After two years of collaboration with French bio-acousticians, the Ptarmigan module is now thoroughly testing the resulting algorithms for automatic detection/classification of Willow and Rock ptarmigan from our bio-acoustic monitoring on Varanger Peninsula.
Recording of a sample of unique ptarmigan males was used in the search for the part of the ptarmigan calls that code for individual information. This was used to develop automatic procedures for individual recognition. Photo: Bertrand Muffat-Joly
When tested during the development phase, the algorithms have been shown to identify song sequences to the species level with very high precision (~98%), with very few instances of false positives or false negatives.
Figure 1. Show the aggregated number of detections per day of Willow ptarmigan (upper) and Rock ptarmigan (lower) during the spring/early summer of 2022 from one acoustic recorder. Note that the x-axis denote the date in the format year, month and day of the month for the period from the end of April (24.04.2022) to the beginning of July (04.07.2022).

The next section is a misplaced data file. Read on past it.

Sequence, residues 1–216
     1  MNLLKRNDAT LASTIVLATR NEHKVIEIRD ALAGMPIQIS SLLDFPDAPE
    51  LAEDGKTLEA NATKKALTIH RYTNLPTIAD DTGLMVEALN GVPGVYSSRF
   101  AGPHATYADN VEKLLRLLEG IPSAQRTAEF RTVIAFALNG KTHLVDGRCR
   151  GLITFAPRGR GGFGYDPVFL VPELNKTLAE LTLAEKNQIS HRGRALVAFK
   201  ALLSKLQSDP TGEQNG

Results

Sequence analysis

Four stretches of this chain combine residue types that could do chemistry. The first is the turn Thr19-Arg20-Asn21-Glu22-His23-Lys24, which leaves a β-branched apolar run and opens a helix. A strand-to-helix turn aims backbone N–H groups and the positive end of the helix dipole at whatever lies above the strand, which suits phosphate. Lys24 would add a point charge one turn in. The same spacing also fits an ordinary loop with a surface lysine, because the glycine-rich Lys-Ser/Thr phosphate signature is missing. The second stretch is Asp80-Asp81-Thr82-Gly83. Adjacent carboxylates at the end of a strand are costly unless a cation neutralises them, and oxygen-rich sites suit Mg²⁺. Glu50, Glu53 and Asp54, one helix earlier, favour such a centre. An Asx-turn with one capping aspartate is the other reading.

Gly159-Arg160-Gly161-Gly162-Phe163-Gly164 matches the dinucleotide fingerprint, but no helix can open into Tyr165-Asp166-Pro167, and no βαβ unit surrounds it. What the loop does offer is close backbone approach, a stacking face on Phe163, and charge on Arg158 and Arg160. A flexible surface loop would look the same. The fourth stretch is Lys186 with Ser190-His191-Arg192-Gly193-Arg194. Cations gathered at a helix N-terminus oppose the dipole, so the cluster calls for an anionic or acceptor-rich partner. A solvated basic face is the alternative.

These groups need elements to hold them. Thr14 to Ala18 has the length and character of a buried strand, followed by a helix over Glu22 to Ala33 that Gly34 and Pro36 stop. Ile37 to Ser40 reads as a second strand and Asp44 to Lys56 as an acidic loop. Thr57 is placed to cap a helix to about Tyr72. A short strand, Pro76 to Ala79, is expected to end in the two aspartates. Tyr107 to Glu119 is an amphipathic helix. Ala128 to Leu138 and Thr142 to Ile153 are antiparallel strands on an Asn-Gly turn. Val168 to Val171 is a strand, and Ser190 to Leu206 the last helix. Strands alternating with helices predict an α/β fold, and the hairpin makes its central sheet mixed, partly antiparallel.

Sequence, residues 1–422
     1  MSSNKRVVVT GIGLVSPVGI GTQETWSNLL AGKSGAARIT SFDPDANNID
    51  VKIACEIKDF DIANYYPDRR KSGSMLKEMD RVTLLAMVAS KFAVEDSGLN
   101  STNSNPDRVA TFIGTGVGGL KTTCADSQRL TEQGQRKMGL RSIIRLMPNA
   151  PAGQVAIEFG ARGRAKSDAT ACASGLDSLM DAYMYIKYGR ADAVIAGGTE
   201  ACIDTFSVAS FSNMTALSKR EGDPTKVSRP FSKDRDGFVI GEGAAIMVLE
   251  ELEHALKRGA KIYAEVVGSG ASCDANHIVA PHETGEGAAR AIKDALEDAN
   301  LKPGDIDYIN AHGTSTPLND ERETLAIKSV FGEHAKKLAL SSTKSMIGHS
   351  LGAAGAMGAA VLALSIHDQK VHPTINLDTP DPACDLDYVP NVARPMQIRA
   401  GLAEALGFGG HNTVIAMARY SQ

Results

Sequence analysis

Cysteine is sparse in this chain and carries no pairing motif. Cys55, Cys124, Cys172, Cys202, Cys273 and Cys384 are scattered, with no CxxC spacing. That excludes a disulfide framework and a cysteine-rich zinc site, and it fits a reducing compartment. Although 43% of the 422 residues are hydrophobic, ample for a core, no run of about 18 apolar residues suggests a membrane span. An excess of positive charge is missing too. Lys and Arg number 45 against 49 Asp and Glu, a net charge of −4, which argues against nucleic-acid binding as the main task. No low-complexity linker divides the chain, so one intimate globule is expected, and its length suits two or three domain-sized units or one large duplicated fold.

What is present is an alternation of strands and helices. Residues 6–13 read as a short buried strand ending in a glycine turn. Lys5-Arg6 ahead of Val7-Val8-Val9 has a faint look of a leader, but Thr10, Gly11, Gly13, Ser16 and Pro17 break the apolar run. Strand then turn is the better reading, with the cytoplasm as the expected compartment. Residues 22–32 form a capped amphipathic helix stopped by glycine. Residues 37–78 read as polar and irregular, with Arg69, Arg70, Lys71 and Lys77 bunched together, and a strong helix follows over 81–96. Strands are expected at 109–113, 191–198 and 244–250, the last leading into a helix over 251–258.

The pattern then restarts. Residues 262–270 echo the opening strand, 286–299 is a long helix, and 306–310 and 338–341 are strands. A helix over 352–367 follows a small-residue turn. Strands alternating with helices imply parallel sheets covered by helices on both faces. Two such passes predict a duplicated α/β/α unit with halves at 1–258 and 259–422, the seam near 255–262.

We have now tested these algorithms on the most recent and new data from 2022, and the automatic classification works extremely well.
Hence, we have high expectations to the use of these algorithms on data from our acoustic monitoring in future scientific work, as well as to further developments that will lead to the identification of ptarmigan to the level of unique individuals. Future work will be aimed at building specific food web models of ptarmigan dynamics on the Varanger Peninsula.
However, as a first step we will analyze drivers of phenological dynamics of male territorial behavior, using the entire dataset in Vestre Jakobselv back to 2017.
We are excited by the collaboration with Frédéric Sèbe and Jeremy Rouch from the University of Jean Monnet Saint Étienne, but also for the development of automatic detection of other species and communities in the near future.
Figure 2. Show the aggregated number of detections per hour of the day of Willow ptarmigan (upper) and Rock ptarmigan (lower) during the spring/early summer of 2022 from one acoustic recorder.
Read more about this in “Automatic sound stations and bioacoustics: The backbone of COAT Varanger's annual winter field work on ptarmigan”.